Then there’s Stina, my Sharpshooter. She’s my second single-player character (the two modes are separate), a bow-user with a pet cat and an electrical relic giving her arrows a little zing. During Torchlight III’s earlier days relics were powerful items that players could level separately from their characters. Players could equip their low-level characters with powerful leveled-up relics, screwing up the balance of power, so developer Echtra Games switched it up. Now relics are a choice made during character creation, effectively giving characters a third skill tree on top of the two they get with their class. Remember back when Diablo III had a very cool and complex rune system for augmenting skills and then changed it to something much more simple before release? This is Torchlight III’s rune system.

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Illustration for article titled iTorchlight III/i Is Fine
Screenshot: Echtra Games / Kotaku

Simplified as it is, the relic system does effectively give each of the game’s four classes five different tertiary skillsets to choose from. That’s a whole lot of skills to juggle, and there’s plenty of potential for experimentation. My Sharpshooter, lower level as she is, is having a blast when her electrical arrows proc, blowing those goblins, spiders, and skellingtons to bits.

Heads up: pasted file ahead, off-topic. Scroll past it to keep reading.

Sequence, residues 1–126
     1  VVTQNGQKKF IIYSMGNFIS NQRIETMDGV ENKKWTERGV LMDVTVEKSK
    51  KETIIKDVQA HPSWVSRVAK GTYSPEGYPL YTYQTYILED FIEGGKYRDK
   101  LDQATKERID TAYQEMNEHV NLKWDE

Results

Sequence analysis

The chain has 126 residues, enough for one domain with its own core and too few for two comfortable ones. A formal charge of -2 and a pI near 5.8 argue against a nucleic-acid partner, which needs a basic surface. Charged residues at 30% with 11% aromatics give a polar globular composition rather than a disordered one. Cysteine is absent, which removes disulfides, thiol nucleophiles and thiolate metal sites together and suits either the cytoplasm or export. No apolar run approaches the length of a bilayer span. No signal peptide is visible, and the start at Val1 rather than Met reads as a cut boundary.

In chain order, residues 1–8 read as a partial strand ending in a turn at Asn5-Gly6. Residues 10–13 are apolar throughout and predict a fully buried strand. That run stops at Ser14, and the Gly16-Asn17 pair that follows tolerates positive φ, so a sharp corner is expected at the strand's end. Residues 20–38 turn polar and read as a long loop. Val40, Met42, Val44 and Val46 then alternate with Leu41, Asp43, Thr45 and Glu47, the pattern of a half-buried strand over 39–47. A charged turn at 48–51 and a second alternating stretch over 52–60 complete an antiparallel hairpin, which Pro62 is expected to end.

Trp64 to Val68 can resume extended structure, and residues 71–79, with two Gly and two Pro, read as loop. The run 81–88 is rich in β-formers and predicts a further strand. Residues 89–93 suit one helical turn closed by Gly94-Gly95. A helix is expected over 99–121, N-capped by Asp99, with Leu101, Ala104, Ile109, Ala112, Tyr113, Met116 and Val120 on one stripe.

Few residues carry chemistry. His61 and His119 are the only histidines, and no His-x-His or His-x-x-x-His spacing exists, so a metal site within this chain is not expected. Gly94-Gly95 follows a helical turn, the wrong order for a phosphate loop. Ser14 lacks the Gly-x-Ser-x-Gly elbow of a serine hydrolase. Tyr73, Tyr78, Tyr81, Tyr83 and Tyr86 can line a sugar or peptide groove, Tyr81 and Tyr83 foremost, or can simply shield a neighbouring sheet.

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Killing things in Torchlight III is pretty satisfying. Swords swinging, guns firing, trains filling the screen with cannon fire, spells blasting out of the Dusk Mage’s bizarre oversized hand weapon—it’s a spectacle. With a full group in multiplayer, things can get pretty crazy. Even in single-player mode, taking out an overwhelming horde of critters with a well-chosen set of skills, it’s exciting.